How Sask. businesses are 'navigating the unknown' and adapting to stay afloat during COVID-19
From food and drink to working out, nearly everything has changed because of the pandemic
Saskatchewan has started talking about how to get some industries back in business, but many have had to adapt to continue operating in the age of COVID-19.
Some Regina businesses have taken a creative approach to safely reach customers and stay afloat.
Tim Schultz runs Local and Fresh and Local Market, which includes a hyper-local grocery store, eatery and event centre.
He stocks baked goods, meats and produce from greenhouses year round along with prepared foods like frozen pizzas from Ogema and homemade perogies.
You can no longer browse around, but you can go in and ask for items or get your grocery order delivered. Schultz already had the infrastructure set up, having started deliveries five years ago. Once he opened a brick and mortar location the delivery service wasn't as popular, but demand has skyrocketed because of the coronavirus.
Right now is the time to just encourage each other and to just help each other get through this.- Tim Schultz, owner, Local and Fresh
Schultz said they've been at capacity many days, with up to five deliveries per hour from 7:30 a.m until 8 p.m.
He said he started his business because of his passion for the local economy and local producers. All of the products are grown or prepared in Saskatchewan or other parts of Western Canada.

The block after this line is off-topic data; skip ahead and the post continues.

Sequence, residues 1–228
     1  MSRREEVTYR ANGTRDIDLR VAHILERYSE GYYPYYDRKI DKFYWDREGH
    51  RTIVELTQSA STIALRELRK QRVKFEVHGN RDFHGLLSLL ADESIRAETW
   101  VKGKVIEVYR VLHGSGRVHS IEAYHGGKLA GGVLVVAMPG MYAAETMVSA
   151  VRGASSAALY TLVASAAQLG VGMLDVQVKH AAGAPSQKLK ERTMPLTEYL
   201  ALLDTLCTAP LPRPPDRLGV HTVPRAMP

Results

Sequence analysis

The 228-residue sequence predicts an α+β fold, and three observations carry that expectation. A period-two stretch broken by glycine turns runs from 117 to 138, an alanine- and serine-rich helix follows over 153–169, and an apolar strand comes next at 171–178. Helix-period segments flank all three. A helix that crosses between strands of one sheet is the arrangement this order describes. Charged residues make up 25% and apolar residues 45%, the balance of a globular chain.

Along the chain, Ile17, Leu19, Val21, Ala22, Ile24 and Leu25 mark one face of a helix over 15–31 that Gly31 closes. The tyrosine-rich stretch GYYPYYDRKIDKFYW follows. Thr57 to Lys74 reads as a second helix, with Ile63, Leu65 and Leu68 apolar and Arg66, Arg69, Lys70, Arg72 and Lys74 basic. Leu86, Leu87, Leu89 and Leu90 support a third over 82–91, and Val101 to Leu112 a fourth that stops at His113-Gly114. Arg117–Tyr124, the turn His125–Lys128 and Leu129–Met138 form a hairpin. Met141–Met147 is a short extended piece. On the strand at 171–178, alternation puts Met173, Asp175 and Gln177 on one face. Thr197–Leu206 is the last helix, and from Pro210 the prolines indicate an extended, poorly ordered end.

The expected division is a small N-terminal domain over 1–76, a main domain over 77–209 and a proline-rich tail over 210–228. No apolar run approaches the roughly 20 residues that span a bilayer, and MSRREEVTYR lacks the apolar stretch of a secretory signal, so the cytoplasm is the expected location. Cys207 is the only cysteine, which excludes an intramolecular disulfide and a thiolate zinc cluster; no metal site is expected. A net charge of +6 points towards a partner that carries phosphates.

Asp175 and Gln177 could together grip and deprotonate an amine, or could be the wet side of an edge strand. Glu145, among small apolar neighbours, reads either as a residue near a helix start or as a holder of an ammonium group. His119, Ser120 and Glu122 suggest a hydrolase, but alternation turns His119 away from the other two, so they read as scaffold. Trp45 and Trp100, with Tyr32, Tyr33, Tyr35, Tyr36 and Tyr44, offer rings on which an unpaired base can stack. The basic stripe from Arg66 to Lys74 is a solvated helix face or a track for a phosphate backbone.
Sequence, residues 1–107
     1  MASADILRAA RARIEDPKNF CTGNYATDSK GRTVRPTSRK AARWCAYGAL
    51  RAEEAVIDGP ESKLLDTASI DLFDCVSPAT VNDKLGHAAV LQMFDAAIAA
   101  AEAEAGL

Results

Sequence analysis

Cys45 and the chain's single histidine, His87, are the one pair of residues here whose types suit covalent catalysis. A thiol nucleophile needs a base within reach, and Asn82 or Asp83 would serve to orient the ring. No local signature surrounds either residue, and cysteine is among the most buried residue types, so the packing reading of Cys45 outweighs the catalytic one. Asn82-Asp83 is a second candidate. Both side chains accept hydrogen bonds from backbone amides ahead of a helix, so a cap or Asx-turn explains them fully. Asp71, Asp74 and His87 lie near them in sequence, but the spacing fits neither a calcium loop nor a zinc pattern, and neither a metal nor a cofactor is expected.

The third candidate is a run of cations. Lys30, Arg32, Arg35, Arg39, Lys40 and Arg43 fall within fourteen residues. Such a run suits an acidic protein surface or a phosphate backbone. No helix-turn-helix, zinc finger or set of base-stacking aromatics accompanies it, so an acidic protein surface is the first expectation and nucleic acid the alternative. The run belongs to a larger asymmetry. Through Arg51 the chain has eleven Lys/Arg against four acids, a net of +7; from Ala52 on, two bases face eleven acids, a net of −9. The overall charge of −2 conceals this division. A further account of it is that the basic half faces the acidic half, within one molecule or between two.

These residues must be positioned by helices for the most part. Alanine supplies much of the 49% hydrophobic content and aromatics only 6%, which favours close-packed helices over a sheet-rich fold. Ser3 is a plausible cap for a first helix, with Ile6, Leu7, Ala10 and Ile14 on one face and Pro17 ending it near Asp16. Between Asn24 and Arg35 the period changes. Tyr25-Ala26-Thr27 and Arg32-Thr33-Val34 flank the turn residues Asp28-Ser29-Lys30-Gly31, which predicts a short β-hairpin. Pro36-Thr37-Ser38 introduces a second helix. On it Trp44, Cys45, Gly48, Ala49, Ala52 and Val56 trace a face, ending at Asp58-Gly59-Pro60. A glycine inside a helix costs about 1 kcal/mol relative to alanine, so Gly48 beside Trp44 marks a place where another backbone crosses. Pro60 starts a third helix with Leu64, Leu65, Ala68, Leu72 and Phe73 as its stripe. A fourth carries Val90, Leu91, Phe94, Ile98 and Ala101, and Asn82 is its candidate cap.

Schultz said he's been impressed with the community's support for local businesses, including his own, during the pandemic. He encourages people to find out how companies have pivoted and keep doing what they can to support them.
"As a small business owner myself, every order that comes through is kind of like a pat on the back and an encouragement not only to us as the owners, but to our staff, that the community is just encouraging us to keep going," Schultz said.
"Right now is the time to just encourage each other and to just help each other get through this."
Restaurants update operations 'just to survive'
Just two days after Premier Scott Moe called a provincial state of emergency on March 18, restaurants were required to halt dine-in service.
Most now offer takeout, delivery or curbside pickup.
ZamZam Wraps had to temporarily close its location in the Cornwall Centre, but has introduced special deals hoping to drum up business at their east location.
Manager Hussein Nahle said it's also a way for them to make their food more affordable at a time when many people are facing financial hardship.
"We are navigating the unknown," said Nahle. "So it's very hard. We have to put in more plans just to survive."
Nahle said they sanitize and clean the counters and debit machines after each customer and are even washing the money that comes in and out of the till.
Quarantine happy hour
You can now also get beverages right to your door. Pile O' Bones Brewing Co. has set up an online portal called Sask Beer Delivery.
The bar and restaurant attached to the brewery on Saskatchewan Drive in Regina had to close, so bartenders have become drivers.
In Regina, they do up to 150 deliveries a day between the hours of 5 and 8 p.m. CST. The service is also going in Saskatoon.
Owner Glenn Valgardson teamed up with 14 other breweries, several distilleries, some wineries and one kombucha company to deliver beverages made all over the province.
On top of that, Valgardson and others under the Craft Brewers Association have brewed a new beer, with plans to give 100 per cent of the proceeds from its sales to breweries directly affected by COVID-19.